The pathophysiology of the suprahyoid muscles in older people with sarcopenia has been rarely studied. In one study using ultrasound, patients with sarcopenic dysphagia demonstrated higher brightness of the geniohyoid muscles, which are part of the suprahyoid muscle group.38 Muscle quality change may impact submental sEMG values. In addition to muscle quality, suprahyoid muscle strength may also be associated with amplitude and/or activity duration on submental sEMG. Since patients with sarcopenic dysphagia had lower grip strength and lingual pressure, they may also have lower suprahyoid muscle strength. These patients may need to generate more power to swallow water safely with more muscle fiber activation to compensate for suprahyoid muscle weakness, which could result in higher amplitude and/or longer activity duration on submental sEMG.
A limitation of our study was that we excluded patients who were positive for dysphagia on the WST, but did not undertake FEES. Thus, the diagnostic accuracy in this study may be overestimated, and the generalizability of our findings needs to be considered with care. Moreover, 63.3% of the patients with sarcopenic dysphagia in this study took all meals by mouth. It is possible that results may have been different if more patients with severe dysphagia not able to take all meals by mouth were included in this study. Lastly, the diagnostic method for sarcopenic dysphagia in this study may have contributed to non-differential misclassification bias which would have the effect of underestimating the strength of association.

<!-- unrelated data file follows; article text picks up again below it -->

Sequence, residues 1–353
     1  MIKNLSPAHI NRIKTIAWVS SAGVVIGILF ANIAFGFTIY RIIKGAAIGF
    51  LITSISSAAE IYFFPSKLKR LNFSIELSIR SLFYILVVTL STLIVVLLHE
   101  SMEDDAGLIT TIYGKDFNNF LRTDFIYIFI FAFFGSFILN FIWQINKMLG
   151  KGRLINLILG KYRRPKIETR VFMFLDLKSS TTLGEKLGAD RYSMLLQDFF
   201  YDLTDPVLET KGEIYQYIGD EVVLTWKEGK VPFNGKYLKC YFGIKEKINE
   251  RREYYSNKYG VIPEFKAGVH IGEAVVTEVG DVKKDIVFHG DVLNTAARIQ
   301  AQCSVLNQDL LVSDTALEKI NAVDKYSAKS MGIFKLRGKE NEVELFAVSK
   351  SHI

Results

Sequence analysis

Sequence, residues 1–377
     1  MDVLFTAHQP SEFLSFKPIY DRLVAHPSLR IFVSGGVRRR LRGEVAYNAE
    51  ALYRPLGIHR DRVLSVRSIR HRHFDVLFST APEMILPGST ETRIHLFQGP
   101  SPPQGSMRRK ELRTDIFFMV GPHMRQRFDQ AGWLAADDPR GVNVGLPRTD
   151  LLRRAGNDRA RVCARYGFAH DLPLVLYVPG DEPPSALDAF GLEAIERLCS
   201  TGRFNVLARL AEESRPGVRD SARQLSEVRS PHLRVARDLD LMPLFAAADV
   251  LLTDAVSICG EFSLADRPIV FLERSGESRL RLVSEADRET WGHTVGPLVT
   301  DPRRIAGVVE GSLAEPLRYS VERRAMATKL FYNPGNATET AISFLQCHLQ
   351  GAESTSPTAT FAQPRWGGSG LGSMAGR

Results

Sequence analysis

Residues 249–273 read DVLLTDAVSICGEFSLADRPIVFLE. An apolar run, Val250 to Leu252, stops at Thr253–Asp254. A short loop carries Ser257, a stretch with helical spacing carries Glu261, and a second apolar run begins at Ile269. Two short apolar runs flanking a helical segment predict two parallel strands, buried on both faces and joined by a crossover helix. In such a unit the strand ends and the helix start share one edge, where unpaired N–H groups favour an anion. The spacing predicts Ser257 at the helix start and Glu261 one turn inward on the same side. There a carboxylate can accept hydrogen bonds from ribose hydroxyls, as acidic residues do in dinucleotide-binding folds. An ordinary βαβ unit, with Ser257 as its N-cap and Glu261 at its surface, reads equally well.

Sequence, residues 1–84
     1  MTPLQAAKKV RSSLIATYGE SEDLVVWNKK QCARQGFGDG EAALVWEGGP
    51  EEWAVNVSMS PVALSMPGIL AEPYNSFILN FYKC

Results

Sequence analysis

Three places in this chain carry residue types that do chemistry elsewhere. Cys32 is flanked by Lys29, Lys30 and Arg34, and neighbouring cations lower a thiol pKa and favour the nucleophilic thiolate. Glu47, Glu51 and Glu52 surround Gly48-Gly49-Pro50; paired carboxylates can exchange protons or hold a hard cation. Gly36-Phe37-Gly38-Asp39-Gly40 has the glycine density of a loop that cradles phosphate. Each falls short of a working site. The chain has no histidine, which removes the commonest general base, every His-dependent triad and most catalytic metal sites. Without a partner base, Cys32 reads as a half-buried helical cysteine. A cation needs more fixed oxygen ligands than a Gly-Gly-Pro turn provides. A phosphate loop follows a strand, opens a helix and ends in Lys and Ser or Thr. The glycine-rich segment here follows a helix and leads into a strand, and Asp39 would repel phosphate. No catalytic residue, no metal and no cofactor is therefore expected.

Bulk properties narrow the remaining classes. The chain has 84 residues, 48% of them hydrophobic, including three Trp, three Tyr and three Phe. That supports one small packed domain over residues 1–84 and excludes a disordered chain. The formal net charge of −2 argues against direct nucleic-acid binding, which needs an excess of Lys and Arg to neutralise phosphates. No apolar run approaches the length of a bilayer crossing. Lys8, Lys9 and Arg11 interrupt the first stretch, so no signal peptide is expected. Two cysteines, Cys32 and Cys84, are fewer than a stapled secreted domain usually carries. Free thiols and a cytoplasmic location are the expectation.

This study showed that patients with sarcopenic dysphagia had longer submental sEMG activity duration and higher amplitude of the suprahyoid muscles during swallowing compared to patients without sarcopenic dysphagia. The diagnostic accuracy was excellent for activity duration on sEMG and good for the maximum amplitude. The findings of this study are useful for understanding the pathophysiology of sarcopenic dysphagia and improving its diagnosis.
This work was supported by the Japan Society for the Promotion of Science KAKENHI (grant number 20K10080) and Grant from Dental Research Center, Nihon University School of Dentistry. Sponsor for Nicole Rogus-Pulia is 5K23AG057805-02 and is designed to provide Nicole Rogus-Pulia with the training required for success as an independent, clinician-scientist researching interventions to improve the care of dysphagia in older vulnerable adult populations. This manuscript was partially prepared at the William S. Middleton Veteran Affairs Hospital in Madison, WI (GRECC manuscript 013-2020). The views and content expressed in this article are solely the responsibility of the authors and do not necessarily reflect the position, policy, or official views of the Department of Veteran Affairs the US government, or the NIH.
The authors report no conflicts of interest in this work.
1. Chen LK, Lee WJ, Peng LN, Liu LK, Arai H, Akishita M. Recent advances in sarcopenia research in Asia: 2016 update from the asian working group for sarcopenia. J Am Med Dir Assoc. 2016;17(8):
2. Cruz-Jentoft AJ, Bahat G, Bauer J, et al. Sarcopenia: revised European consensus on definition and diagnosis. Age Ageing. 2018;48(1):16–31. doi:10.1093/ageing/afy169
3. Cruz-Jentoft AJ, Baeyens JP, Bauer JM, et al. Sarcopenia: european consensus on definition and diagnosis: report of the European Working Group on Sarcopenia in Older People. Age Ageing. 2010;39(4):412–423. doi:10.1093/ageing/afq034